Paper Gold Price Gets Nailed As Eurasian Heavyweights Move Closer Together
By December 2, 2017– Published in on
The gold price took a shot last week, and closed the week below $1280 USD/oz.
This marks a weekly close below the 200 Day MA, which currently sits $1286 USD/oz, and according to chartists, this could mark the beginnings of further declines for the yellow metal. The move downward began after the Q3 US GDP came in higher than expected, with a y-o-y growth rate of more than 3%. This has led many to think that the US Central Bank (FED) will continue carring out a rate tightening cycle, which is believed to be negative for gold prices.
There is mixed evidence to support the idea of gold weakness in an environment of rising interest rates. While higher overnight rates from the FED will almost certainly be negative for bond prices, gold has rallied during tightening cycles before. The underlying idea is that because gold doesn't offer interest payments, higher rates make it less desirable.
This is a very simplistic view of gold, and given the macro picture, it may lead investors into a trap wherein their view of western monetarism prevents them from seeing the huge changes that are looming.
Last week also saw reports of a Russian Government initiative to issue bonds denominated in Chinese Yuan, and these so called dim-sum bonds represent a big step closer for Eurasia's two most powerful nations. The economic connection between China and Russia has been growing closer over the last few years, and today, China is Russia's largest export market for oil.
After Russia sent their military into the Crimean peninsula, the USA started playing tough with Russia. Multiple rounds of economic sanctions initially made it difficult for Russia's economy to operate, but those early struggles have forced the Russian Government to look for ways to bypass the western financial system.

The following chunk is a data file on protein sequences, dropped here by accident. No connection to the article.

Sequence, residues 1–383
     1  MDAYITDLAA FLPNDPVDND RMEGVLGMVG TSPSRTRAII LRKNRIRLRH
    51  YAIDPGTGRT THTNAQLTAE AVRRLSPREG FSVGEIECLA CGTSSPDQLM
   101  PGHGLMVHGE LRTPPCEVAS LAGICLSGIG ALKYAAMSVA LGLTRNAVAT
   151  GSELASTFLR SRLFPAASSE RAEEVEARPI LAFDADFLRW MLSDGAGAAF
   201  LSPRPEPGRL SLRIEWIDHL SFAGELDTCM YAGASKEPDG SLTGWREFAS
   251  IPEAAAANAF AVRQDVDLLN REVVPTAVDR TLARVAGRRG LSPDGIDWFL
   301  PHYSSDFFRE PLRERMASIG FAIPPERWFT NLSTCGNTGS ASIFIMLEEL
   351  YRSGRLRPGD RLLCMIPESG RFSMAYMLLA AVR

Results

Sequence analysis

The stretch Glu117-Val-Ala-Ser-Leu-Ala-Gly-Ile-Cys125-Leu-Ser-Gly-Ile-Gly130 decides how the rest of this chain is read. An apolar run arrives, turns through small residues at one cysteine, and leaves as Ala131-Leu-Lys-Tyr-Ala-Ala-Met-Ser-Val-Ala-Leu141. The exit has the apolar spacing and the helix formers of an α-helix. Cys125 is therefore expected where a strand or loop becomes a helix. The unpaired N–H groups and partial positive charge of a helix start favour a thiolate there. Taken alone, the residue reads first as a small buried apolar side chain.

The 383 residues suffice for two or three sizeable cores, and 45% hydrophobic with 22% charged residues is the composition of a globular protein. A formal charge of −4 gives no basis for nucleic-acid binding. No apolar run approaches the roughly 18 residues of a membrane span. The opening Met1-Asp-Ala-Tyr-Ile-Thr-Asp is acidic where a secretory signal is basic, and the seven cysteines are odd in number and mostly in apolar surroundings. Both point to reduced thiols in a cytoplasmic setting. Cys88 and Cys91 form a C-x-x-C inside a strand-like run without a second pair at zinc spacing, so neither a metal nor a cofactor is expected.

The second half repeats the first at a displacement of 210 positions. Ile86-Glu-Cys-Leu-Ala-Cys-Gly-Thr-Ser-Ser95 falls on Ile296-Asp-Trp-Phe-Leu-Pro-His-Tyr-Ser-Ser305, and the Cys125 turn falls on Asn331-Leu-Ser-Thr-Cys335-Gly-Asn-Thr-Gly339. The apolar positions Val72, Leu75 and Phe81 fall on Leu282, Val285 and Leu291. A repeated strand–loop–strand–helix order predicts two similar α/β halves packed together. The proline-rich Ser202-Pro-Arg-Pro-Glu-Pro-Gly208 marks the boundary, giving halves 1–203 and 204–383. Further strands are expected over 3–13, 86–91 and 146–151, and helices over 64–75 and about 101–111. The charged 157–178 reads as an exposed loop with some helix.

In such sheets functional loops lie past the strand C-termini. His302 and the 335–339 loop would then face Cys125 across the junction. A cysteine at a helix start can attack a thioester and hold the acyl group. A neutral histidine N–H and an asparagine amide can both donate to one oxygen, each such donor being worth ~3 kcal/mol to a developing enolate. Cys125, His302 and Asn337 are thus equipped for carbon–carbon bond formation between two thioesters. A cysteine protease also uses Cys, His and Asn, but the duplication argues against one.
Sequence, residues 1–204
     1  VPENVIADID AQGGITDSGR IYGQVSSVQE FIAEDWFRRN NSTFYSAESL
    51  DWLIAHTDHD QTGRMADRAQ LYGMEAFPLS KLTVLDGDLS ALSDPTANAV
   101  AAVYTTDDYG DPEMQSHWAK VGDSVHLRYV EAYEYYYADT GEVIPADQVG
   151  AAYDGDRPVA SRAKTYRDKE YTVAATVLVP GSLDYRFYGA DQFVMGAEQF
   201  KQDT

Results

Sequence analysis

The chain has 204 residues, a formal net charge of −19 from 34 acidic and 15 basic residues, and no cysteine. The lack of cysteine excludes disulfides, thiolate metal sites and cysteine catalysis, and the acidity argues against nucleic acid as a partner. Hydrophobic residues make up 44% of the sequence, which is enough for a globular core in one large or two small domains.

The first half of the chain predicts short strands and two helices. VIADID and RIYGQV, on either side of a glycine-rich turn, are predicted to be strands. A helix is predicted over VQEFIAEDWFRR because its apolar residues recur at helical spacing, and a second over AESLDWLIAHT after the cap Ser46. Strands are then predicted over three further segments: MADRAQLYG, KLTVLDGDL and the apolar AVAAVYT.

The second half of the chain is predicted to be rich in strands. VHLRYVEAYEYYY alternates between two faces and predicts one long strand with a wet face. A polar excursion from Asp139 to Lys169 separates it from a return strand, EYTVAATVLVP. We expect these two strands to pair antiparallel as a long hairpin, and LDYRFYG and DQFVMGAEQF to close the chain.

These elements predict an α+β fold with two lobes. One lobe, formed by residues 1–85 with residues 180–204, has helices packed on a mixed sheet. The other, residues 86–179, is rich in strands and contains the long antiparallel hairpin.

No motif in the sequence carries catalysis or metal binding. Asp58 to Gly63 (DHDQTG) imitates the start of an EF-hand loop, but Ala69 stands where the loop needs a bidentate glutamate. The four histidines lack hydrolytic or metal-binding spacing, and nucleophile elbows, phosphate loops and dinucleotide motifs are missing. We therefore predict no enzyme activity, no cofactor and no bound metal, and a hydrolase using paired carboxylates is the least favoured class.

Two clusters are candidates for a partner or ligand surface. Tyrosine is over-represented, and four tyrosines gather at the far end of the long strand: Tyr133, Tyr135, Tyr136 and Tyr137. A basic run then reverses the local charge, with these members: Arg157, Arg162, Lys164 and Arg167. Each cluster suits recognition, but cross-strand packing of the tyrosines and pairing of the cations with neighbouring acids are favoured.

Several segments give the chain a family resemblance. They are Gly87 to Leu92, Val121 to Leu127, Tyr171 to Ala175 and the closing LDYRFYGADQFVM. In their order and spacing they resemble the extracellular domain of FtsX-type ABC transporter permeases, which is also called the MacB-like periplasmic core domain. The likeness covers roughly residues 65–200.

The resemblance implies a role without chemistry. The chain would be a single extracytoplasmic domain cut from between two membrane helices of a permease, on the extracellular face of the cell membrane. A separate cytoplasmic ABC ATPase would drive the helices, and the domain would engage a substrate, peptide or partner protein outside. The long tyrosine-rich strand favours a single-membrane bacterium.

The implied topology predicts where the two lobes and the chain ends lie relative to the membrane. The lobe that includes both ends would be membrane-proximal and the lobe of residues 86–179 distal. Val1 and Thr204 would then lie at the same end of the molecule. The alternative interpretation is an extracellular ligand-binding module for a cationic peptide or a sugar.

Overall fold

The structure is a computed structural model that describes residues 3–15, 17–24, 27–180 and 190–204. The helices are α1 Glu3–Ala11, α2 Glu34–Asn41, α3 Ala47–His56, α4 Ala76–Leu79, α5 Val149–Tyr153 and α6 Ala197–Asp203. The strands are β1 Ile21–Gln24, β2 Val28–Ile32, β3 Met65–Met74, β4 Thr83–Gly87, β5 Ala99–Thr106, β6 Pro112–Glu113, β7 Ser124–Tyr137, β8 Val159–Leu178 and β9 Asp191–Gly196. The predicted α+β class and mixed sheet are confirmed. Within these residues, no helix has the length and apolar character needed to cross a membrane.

This is also a major goal for Beijing, as they would like to see their Yuan used internationally, much like the US Dollar. China and Russia both have their own reasons to oust the US Dollar from the position it currently holds, and tapping the Yuan market for low cost capital is a big step towards minimizing US influence in Central Asia.
There is really no reason why trade between Asian nations should be settled in a politically loaded currency like the US Dollar, and now it looks like Washington's hostile economic actions from the past are starting to create change in how the financial world works. It is worth remembering that neither China nor Russia rely on marketing international financial services to maintain the value of their currency, but for the United States, losing its position of “banker to the world” could have some major consequences.
As China has moved further away from the western financial system, they have bought gold in ever increasing amounts. Not only do they prohibit the export of their domestically produced gold, they also import gold every year. While demand for physical metal has cratered in the USA, it is still strong in The Middle Kingdom. Russia has also been adding gold to their official horde, and according to government statistics, the two rising Eurasian powers are neck and neck when it comes to official gold reserves.
In the west gold's price is set by a paper futures market that probably distorts the price of gold to the downside, as the US Dollar et al. look weaker when hard asset prices are on the rise. While there isn't conclusive evidence to prove that the western futures markets are a massive sham, groups like GATA have done a lot to show that there is likely large scale misrepresentation in the gold price.
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